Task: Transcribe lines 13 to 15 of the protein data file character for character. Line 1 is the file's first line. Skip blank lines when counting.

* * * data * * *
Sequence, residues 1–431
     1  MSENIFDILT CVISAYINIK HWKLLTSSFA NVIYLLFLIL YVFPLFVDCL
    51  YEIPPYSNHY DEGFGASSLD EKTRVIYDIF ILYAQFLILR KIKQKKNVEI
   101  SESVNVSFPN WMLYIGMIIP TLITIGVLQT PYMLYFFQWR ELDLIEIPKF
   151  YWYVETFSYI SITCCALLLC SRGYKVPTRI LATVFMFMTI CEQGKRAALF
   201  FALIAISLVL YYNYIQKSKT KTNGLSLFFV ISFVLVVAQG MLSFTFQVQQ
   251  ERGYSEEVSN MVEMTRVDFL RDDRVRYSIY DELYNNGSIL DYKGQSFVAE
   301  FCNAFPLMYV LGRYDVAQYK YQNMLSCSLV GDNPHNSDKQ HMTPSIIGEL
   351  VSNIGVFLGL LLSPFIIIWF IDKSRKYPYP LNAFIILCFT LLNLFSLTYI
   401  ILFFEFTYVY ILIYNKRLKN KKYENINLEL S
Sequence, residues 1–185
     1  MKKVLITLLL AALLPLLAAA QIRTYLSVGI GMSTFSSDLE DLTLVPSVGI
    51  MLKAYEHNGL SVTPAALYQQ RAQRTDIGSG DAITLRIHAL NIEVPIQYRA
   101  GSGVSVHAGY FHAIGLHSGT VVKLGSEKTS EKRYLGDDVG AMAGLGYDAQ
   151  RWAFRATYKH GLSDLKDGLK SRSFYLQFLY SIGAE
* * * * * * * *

    51  MLKAYEHNGL SVTPAALYQQ RAQRTDIGSG DAITLRIHAL NIEVPIQYRA
   101  GSGVSVHAGY FHAIGLHSGT VVKLGSEKTS EKRYLGDDVG AMAGLGYDAQ
   151  RWAFRATYKH GLSDLKDGLK SRSFYLQFLY SIGAE